Why I Finally Decided To Start Talk Therapy At Age 50
The heaviness in my face had been gradually growing. I knew it was there, that something didn’t feel right, but I didn’t stop to question what it was or how it started. My body ached too. If disappointments were stones, heartbreaks were rocks, and trauma boulders, that would explain the feeling my whole body carried every day. I had to find a way to put them down, or smash them up and scatter the pieces.
“If disappointments were stones, heartbreaks were rocks, and trauma boulders, that would explain the feeling my whole body carried every day.”
I’d put my life on hold out of fear. I wasn’t working on my goals and was hiding behind the issues I needed to work on. My husband talking about retiring made me realize I’m running out of time to do the things I want to do in this life. I had to find a way to push past the barriers that were keeping me from being my real self.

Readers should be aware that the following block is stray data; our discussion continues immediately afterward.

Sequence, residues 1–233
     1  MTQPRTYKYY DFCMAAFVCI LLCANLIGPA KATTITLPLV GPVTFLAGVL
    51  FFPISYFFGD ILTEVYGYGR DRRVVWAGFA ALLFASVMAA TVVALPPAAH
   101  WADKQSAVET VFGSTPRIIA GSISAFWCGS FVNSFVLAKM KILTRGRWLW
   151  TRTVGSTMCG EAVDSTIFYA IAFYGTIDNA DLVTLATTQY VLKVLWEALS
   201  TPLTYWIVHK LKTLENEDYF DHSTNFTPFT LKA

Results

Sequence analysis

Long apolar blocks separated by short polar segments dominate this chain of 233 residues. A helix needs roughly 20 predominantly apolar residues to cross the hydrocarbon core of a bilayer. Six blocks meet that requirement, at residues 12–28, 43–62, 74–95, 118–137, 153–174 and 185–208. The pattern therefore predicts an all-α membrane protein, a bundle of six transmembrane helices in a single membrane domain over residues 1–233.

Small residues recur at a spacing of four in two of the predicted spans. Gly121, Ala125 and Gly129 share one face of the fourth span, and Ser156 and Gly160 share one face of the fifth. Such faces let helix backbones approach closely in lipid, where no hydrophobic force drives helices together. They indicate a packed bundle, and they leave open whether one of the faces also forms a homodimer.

I’ve been following several therapists on social media for a while, hoping their little tidbits of advice would be enough to make me feel better. When one that I really like posted that she’d opened her own practice, I sent her an inquiry. Typing the words, asking for help, wasn’t easy, but just that one tiny step already made me feel lighter. She mentioned insurance, but she’s not in my network, and her private pay rates are out of my budget. Still, it set the wheels in motion. Before taking that step, I had no idea that health insurance would cover talk therapy. It turns out…mine does.
A few minutes of searching on my insurance website and I had a list of local therapists. I worked my way through the list, crossing off ones that seemed to contradict my core beliefs and circling the ones that might be a good fit for me. I found one to try.